The German Situation
- Posted by Greg Harmon
- on September 28th, 2016
Oktoberfest has wound down in Germany and you can tell by the crowds in the picture above the tension in the air surrounding whether or not Deutchebank will survive. Sounds like a lede from financial press story doesn’t it? The world is gonna end but everywhere you look people are happy and having fun. Well the divide is not quite that extreme in Germany but it may be close.
Deutchebank stock is in the dumper and at lows below the financial crisis low. That is the bad news. Reports of their meeting liquidity tests, and rumors Wednesday of a Government bailout are supporting the stock. But what about the broader German market? The chart below tells the story with prices.
There is is a lot to talk about in this chart. Long term price action shows a break of an ascending triangle in 2013 and continuation higher. The target out of that triangle, 13,500 on the German DAX Composite, is still not met. The trouble comes from the price action since 2008. The two triangles show the completion of a Deep Crab harmonic pattern in 2015. Where the US markets consolidated the entire year the German market started a pullback upon reaching the Potential Reversal Zone (PRZ) of that pattern.
At the stat of 2016 it had retraced 38.2% of the pattern, the target for the reversal, and touched its 50 month moving average. It had not touched that SMA since 2012. A healthy pullback. But the rise off of that is pullback has met resistance as it reached the falling trend line in August.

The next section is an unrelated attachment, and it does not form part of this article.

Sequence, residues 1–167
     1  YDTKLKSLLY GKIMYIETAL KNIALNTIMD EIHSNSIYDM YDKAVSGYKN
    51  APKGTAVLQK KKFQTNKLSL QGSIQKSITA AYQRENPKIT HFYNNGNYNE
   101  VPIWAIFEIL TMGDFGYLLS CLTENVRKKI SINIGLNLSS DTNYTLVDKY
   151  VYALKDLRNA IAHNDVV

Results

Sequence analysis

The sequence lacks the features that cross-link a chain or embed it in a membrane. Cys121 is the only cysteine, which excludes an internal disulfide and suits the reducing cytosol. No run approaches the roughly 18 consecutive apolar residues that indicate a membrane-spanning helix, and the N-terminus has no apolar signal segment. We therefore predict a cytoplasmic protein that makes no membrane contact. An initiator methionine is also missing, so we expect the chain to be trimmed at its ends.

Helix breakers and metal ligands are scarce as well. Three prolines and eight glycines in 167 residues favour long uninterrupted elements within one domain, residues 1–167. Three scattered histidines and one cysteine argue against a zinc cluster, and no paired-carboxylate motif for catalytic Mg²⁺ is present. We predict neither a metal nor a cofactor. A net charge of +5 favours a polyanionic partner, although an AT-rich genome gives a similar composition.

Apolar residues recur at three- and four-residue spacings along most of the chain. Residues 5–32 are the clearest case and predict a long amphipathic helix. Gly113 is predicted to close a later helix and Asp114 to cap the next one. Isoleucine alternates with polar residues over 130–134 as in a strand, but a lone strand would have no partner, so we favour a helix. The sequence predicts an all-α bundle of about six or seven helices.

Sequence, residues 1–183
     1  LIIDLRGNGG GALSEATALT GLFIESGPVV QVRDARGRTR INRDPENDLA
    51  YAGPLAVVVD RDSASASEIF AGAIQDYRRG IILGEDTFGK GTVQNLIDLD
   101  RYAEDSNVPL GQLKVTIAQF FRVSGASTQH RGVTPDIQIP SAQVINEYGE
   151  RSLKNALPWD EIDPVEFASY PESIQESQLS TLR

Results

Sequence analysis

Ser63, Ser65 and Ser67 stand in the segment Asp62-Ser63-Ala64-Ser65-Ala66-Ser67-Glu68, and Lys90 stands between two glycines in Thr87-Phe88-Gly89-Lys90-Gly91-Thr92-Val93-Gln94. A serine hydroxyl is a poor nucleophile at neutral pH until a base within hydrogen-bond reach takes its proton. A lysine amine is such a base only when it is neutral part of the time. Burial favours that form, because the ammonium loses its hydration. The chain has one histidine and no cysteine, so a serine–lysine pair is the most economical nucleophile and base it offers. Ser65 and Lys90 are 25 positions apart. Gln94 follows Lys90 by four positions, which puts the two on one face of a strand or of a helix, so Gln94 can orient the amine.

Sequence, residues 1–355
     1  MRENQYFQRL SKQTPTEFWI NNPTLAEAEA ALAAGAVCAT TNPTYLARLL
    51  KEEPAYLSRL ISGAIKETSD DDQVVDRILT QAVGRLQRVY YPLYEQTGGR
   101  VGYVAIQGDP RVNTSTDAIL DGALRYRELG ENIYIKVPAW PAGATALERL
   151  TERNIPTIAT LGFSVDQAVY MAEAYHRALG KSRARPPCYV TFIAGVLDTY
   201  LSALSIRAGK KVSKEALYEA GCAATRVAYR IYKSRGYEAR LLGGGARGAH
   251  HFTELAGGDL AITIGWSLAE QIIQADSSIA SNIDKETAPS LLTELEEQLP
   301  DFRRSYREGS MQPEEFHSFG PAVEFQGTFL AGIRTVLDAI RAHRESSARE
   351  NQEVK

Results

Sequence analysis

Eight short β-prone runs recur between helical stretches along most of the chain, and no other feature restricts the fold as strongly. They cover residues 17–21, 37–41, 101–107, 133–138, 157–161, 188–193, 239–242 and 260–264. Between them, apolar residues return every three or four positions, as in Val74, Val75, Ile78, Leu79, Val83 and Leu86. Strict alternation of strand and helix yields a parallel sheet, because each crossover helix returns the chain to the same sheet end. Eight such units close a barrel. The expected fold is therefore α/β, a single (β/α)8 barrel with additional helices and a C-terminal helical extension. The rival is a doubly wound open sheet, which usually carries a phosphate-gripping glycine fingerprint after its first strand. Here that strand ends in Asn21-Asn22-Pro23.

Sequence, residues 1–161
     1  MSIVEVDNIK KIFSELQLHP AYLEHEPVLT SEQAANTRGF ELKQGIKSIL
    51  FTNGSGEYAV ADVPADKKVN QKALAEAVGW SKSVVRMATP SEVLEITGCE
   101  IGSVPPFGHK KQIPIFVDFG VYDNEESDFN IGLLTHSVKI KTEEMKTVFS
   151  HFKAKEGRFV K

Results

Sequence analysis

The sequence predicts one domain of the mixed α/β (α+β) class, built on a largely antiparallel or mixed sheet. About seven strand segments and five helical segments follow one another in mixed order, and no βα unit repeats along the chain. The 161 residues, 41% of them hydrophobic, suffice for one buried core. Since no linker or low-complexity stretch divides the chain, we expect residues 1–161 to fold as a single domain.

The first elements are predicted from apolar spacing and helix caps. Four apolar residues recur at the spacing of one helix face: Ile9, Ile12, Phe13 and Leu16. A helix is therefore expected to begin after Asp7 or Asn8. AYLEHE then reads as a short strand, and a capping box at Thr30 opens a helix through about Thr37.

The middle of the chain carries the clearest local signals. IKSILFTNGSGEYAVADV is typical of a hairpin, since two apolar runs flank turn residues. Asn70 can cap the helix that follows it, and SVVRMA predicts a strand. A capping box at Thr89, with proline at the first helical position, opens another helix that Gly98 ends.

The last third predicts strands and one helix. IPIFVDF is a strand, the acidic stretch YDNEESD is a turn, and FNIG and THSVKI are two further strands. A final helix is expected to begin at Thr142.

That brings it to day. In the last hours of trading for September, the DAX sits at the falling trend line. Where will it go from there? Momentum is mixed. The RSI has been pulling back but remains at the mid line. This is in bullish territory. It is moving sideways now so perhaps the worst is over. The MACD has also stopped falling and is moving sideways. It is in positive territory, also a mildly bullish signal.
These both support the short term trend higher in 2016 to continue. And so do the rising moving averages, all below the DAX. The picture looks like the easier path is to the upside. What would change this is a break and close below 9000 on a monthly basis. Good luck to Deutchebank in their troubles, but the DAX seems fine but unexciting for the long term holder.
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The information in this blog post represents my own opinions and does not contain a recommendation for any particular security or investment. I or my affiliates may hold positions or other interests in securities mentioned in the Blog, please see my Disclaimer page for my full disclaimer.blog comments powered by Disqus
Gregory W. Harmon CMT, CFA, has traded since 1986 and held senior positions including Head of Global Trading, Head of Product Development, Head of Strategy and Director of Equity. (More)
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